A study published a few years ago – the Supplementation in Vitamins and Mineral Antioxidants (SUVIMAX) study, which involved about 13,000 people, found a 4-fold higher melanoma risk in women — but not in men — who used nutritionally appropriate doses of antioxidant supplements (J Nutr. 2007;137:2098-2105).

But additional data, published last year, from the Vitamins and Lifestyle (VITAL) study, which involved more than 70,000 people, suggest that there is no association between the use of antioxidant supplements and an increased risk for melanoma. Individuals who used multivitamins and supplemental antioxidants, including selenium, zinc, and beta carotene, did not have a higher risk for the disease.

VITAL was conducted in direct response to SUVIMAX, the latter finding that a combination of commonly used antioxidant supplements (120 mg of vitamin C, 30 mg of vitamin E, 6 mg of beta carotene, 100 μg of selenium, and 20 mg of zinc), taken for a median of 7.5 years, increased the incidence of melanoma, but only in women.

The VITAL study involved 37,382 men and 40,337 women, aged 50 to 76 years, between October 1, 2000 and December 31, 2002.

Although two-thirds of participants were either current or past users of multivitamins there was no association between melanoma risk and any multivitamin exposure variables, including overall use, duration of use in the previous 10 years, dose in pill-years, or years of use since the age of 21.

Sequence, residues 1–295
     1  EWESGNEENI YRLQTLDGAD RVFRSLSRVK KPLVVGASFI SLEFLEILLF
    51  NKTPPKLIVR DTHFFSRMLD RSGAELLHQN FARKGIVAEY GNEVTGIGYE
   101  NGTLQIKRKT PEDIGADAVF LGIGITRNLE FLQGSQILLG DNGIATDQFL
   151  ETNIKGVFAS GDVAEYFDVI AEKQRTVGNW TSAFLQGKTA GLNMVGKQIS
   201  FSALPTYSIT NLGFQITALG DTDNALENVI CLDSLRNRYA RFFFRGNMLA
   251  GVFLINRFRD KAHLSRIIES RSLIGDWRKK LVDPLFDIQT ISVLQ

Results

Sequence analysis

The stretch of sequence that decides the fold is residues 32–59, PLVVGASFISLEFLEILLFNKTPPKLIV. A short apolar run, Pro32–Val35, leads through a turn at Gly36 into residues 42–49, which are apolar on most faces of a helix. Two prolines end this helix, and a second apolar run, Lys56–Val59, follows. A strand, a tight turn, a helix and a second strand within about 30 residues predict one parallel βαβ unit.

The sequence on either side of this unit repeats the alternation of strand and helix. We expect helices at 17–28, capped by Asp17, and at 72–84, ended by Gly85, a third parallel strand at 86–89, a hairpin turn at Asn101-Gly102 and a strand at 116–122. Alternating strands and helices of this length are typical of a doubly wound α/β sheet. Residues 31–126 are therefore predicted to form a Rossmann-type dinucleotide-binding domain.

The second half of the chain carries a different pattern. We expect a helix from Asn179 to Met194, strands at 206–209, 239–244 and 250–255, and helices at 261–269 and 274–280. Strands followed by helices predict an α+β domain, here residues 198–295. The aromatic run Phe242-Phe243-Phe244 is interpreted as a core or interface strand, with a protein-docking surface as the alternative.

The study found that even in the highest dose category of multivitamins, which was comparable to the doses of vitamin E, vitamin C, and zinc in the SUVIMAX study, there was no increased risk for melanoma. No differences between sexes were observed; in men, relative risk (RR) was 1.09 (95% CI, 0.83 – 1.43) and in women, RR was 1.14 (95% CI, 0.78 – 1.66; P = .93 for interaction).

In a separate examination, the authors observed no increased melanoma risk with the use of supplemental beta carotene (RR, 0.87; 95% CI, 0.48 – 1.56) or selenium (RR, 0.98; 95% CI, 0.69 – 1.41) at doses comparable to those in SUVIMAX.